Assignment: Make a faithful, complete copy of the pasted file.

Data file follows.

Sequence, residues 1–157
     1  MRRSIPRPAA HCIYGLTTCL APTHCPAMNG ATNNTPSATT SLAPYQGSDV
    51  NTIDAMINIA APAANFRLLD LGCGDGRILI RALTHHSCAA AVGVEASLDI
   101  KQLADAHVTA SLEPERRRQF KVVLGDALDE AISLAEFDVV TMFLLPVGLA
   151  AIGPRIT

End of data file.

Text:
Sequence, residues 1–157
     1  MRRSIPRPAA HCIYGLTTCL APTHCPAMNG ATNNTPSATT SLAPYQGSDV
    51  NTIDAMINIA APAANFRLLD LGCGDGRILI RALTHHSCAA AVGVEASLDI
   101  KQLADAHVTA SLEPERRRQF KVVLGDALDE AISLAEFDVV TMFLLPVGLA
   151  AIGPRIT